Nicholas Rosenlicht, MDDr. Rosenlicht has disclosed that he has no relevant financial or other interests in any commercial companies pertaining to this educational activity.
Review of: McCall W et al, J Clin Psychopharmacol 2018;38(6):618–621
Study Type: Randomized single-blind controlled trial (pilot study)
Prazosin has become a mainstay in the pharmacologic treatment of PTSD. A selective antagonist of the noradrenergic alpha-1 receptor, it has modest benefits in sleep and nightmares that are supported by around half a dozen clinical trials. That mainstay of practice was recently rocked by a large trial of twice-daily prazosin in (mainly male) military veterans that found no benefit for distressing dreams or sleep quality (Raskind M et al, NEJM 2018;378(6):507–517). But the study had flaws, particularly in the way that patients were selected to participate, and we discussed those flaws in a recent issue (see TCPR April 2019, “Sleep and PTSD”). Now we have a second report questioning prazosin’s utility in PTSD.
The authors hypothesized that prazosin might reduce suicidality in patients with PTSD, based on prior research suggesting a link between insomnia and suicide. They randomized 20 civilians (17 women, 3 men) with PTSD to prazosin or placebo for 8 weeks. Prazosin was given at night in escalating doses as tolerated (the mean final dose was 5.5 ± 3.5 mg qhs). Prior to randomization, the subjects were stabilized for at least 4 weeks on an SSRI or, if suffering from bipolar depression, at least 4 weeks on an FDA-approved bipolar medication. The primary outcome was suicidality, as measured by the Scale for Suicide Ideation (SSI) and the Columbia-Suicide Severity Rating Scale (C-SSRS). Secondary measures included the Disturbing Dreams and Nightmare Severity Index (DDNSI), the Insomnia Severity Index (ISI), and PTSD as measured by the PTSD-checklist-specific version.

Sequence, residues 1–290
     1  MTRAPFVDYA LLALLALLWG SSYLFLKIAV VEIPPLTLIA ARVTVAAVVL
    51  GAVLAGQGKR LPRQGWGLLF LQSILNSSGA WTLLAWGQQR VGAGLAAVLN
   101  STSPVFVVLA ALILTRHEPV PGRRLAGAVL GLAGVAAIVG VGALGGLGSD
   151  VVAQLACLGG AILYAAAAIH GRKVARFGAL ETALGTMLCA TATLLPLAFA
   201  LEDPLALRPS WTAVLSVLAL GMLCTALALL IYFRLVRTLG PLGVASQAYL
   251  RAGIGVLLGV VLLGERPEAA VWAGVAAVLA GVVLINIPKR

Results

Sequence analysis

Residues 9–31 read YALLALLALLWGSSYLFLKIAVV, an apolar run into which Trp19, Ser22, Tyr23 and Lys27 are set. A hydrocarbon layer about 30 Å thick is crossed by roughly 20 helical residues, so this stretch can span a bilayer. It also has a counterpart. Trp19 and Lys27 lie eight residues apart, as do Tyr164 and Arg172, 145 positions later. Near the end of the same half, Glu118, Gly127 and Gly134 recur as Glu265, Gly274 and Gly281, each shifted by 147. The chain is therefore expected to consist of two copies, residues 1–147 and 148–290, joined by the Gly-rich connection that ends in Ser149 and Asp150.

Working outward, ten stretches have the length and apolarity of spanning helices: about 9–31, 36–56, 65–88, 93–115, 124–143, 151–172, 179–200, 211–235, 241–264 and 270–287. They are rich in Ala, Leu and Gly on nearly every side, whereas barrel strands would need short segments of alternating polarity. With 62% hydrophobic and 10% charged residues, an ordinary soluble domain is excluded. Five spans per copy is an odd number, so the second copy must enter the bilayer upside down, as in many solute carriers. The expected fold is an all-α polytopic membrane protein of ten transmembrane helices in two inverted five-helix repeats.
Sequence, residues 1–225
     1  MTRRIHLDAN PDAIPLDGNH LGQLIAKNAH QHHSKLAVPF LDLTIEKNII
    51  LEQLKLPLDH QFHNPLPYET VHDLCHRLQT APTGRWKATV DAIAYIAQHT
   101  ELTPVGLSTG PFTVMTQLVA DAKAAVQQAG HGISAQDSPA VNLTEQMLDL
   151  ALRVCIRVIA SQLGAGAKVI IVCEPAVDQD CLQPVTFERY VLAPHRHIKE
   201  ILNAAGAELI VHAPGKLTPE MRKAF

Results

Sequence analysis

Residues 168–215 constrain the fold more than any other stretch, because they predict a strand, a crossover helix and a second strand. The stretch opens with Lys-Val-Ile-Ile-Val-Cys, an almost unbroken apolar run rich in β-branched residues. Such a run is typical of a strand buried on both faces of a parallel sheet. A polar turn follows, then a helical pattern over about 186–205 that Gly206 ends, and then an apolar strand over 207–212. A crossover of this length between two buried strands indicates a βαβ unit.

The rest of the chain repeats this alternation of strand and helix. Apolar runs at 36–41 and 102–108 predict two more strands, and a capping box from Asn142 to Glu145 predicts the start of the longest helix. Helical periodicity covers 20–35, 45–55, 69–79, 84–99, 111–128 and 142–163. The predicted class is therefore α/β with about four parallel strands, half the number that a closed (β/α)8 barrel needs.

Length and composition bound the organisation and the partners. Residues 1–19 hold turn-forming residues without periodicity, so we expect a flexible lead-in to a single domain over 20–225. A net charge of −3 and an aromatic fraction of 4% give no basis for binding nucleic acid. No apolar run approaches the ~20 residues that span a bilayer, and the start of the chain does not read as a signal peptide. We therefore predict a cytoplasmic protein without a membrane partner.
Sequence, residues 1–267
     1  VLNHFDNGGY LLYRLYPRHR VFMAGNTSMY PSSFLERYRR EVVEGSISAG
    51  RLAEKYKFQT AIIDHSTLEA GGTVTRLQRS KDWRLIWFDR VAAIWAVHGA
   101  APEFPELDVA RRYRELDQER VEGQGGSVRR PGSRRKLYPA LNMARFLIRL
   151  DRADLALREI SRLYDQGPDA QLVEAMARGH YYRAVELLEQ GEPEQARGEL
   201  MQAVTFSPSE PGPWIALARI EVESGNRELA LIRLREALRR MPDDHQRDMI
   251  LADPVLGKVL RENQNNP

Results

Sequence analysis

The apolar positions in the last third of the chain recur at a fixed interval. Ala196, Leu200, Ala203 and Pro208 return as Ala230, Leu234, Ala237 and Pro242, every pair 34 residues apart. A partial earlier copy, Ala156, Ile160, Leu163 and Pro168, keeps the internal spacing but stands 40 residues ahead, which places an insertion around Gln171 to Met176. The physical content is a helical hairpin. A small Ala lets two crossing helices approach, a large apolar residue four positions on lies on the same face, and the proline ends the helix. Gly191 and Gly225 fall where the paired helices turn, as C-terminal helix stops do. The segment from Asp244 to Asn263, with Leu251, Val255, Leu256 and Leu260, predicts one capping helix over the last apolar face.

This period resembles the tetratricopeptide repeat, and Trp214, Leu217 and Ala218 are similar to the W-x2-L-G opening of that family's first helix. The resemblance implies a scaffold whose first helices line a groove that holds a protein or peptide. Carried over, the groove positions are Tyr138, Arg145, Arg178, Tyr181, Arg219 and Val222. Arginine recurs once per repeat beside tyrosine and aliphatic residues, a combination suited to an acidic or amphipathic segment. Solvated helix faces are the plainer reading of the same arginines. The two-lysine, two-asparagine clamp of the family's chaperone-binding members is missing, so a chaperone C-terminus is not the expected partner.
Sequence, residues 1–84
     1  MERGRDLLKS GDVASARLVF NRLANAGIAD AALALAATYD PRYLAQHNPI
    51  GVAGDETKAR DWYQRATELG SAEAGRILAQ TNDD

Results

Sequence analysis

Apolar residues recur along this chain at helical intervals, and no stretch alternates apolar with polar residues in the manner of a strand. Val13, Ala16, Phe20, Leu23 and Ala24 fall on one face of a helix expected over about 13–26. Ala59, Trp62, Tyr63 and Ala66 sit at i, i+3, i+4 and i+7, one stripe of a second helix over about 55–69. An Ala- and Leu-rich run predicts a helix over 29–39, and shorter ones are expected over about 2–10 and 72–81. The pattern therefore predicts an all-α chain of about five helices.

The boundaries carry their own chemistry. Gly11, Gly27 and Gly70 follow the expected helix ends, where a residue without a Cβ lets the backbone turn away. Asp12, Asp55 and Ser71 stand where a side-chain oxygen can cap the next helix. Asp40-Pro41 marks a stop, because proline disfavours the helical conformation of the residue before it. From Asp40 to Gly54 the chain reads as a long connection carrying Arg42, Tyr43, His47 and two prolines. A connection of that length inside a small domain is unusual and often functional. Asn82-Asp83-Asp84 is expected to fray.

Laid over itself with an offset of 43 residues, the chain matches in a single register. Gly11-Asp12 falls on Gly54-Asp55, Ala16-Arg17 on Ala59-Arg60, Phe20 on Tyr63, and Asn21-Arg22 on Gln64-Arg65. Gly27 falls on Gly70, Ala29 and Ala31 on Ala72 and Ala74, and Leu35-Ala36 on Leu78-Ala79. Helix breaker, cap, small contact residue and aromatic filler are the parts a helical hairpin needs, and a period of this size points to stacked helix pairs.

The results were surprising. Contrary to expectations, the placebo group showed greater improvement on all measures, including nightmares and insomnia, but also on measures of depression and PTSD overall. However, the study had significant weaknesses that make it difficult to conclude much from these results. The sample size was small, and only 6 of the 20 subjects completed the full 8 weeks. The placebo response was also very high. Suicidality remitted completely on placebo, as measured by the SSI, but on prazosin it only declined 70%.
TCPR’S TAKE The placebo response has risen in the last 20 years, and that means we’re seeing more studies like this where an otherwise effective treatment fails to separate from placebo. Transcranial magnetic stimulation, behavioral interventions for PTSD, and now prazosin have all shared this fate. The lesson is to beware of media headlines that proclaim a common therapy ineffective. Sometimes the treatment is flawed; sometimes it’s the study. In this case, we’re not convinced that it’s time to give up on prazosin in PTSD.
Podcast Special: Psychotherapy in the Postpartum
The release of Zulresso (brexanolone) for postpartum depression has brought renewed attention to the biological nature of this illness. Psychosocial factors, however, are just as critical to our understanding and treatment of peripartum disorders. Our August 26th podcast will feature an interview with William Meyer, LCSW, a psychoanalyst who works with new mothers at Duke Medical Center’s High-Risk Obstetrics Clinic.